Thinking About Buying A Home? Do It While You Can Still Earn A Tax Credit.

Mortgage CalculatorThinking of buying your first home? You might want to do it before April 30, 2010. In an effort to revitalize the housing market, the government has extended a tax credit for first-time homebuyers.

RELATED: What Is the Alternative Minimum Tax (AMT)?

What It Is.
The credit provides 10% of the cost of the home (up to $8,000), and applies to people who buy a principal home before the April deadline. You'd also qualify if you have a binding sales agreement dated on or before April 30, 2010 with a closing scheduled before June 30, 2010.

Limitations.
The credit is good toward homes costing less than $800,000. (With the crash in the housing market, you'll have an even bigger selection today than in the past.) There's an income limit of $125,000 for single taxpayers and $225,000 for married couples filing joint returns. You have to be over 18, and neither you nor your spouse can have owned a primary residence in the previous three years. Also, as a buyer, you can't be claimed as a dependent on anyone else's tax return. For more information on the Federal Housing Tax Credit, click here.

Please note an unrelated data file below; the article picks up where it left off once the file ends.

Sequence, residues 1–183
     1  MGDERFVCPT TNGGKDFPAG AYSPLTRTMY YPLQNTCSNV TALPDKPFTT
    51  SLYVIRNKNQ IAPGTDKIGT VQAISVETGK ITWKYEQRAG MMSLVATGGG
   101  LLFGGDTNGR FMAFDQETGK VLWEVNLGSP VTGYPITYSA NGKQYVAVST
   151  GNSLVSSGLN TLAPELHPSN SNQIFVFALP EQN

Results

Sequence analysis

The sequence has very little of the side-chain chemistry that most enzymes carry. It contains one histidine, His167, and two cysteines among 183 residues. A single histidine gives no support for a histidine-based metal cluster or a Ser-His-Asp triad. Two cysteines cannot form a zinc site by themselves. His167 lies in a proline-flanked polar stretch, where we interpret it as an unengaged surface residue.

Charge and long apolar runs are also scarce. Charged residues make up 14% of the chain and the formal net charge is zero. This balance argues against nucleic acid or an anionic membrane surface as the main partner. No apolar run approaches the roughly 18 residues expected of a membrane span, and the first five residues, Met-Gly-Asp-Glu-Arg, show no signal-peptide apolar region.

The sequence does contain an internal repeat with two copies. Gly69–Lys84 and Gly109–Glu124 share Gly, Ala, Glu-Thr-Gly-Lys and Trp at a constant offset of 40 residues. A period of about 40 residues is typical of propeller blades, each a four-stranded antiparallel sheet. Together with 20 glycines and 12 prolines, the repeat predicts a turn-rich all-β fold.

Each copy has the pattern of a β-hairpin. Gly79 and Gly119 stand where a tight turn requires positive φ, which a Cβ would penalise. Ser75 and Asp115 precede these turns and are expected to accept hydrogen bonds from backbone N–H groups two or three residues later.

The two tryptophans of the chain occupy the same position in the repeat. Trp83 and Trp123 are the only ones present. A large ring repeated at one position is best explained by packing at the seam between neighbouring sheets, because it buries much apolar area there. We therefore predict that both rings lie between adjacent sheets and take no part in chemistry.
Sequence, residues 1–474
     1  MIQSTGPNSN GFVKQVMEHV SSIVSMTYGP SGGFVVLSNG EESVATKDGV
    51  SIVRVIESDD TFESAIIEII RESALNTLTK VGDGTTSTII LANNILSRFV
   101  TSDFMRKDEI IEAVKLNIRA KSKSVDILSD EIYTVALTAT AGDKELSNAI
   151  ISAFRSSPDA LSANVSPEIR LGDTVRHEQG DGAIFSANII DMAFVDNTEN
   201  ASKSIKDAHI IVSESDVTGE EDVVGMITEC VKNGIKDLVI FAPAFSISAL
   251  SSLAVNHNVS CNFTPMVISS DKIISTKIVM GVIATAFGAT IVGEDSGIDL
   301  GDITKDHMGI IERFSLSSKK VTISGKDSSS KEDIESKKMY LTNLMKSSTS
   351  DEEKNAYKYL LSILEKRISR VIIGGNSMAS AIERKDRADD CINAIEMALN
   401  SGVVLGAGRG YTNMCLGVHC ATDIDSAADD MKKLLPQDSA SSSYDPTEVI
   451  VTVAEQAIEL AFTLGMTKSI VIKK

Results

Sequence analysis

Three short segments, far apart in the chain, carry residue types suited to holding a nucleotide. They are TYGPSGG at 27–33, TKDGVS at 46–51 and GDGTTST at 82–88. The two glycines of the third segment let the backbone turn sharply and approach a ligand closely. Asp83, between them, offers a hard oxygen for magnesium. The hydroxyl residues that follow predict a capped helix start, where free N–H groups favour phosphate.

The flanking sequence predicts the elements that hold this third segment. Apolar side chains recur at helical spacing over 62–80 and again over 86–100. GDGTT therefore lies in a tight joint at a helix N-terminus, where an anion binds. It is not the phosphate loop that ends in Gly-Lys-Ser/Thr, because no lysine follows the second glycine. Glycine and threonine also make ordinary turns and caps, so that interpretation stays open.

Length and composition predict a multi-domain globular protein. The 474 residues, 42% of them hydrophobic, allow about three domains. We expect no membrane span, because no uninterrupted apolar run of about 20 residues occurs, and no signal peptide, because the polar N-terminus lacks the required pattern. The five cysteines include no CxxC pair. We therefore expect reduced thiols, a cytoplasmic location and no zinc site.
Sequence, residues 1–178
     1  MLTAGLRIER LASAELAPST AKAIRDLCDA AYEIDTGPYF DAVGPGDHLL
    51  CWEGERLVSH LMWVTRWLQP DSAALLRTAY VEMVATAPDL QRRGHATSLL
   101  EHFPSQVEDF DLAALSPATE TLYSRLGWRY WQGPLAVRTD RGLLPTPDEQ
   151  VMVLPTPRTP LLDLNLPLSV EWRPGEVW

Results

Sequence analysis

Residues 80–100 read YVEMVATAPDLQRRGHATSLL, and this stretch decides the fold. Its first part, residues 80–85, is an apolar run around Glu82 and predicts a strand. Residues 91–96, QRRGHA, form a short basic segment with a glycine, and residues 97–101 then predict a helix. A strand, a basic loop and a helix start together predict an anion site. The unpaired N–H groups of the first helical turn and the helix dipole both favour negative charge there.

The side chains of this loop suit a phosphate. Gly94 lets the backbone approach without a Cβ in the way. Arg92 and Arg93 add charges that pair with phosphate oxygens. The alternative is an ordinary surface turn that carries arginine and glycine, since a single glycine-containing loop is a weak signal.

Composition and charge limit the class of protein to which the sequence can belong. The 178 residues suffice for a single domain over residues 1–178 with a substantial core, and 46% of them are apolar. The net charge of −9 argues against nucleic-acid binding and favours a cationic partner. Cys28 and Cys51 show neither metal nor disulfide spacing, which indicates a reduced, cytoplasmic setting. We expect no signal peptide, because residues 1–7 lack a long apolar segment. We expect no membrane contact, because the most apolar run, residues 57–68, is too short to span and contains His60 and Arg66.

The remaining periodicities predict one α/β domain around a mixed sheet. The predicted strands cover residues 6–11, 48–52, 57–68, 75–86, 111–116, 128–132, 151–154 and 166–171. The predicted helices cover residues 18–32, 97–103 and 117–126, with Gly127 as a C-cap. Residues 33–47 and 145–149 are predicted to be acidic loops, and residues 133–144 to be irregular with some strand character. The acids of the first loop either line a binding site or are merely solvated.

How It Works.
If you're eligible, you'll receive a higher tax refund come tax time; if you have a tax bill, then the up-to-$8,000 credit will go toward paying that off, first. If you owe less than the amount of the housing tax credit, $8,000 in federal taxes, then you'll receive a refund for the difference.

No Funny Business.
If you receive the housing tax credit but then fail to live in your new house for at least three years, you will have to repay the credit.

For further restrictions and to learn about the $6,500 credit available for current homeowners looking to change addresses, visit this information page.

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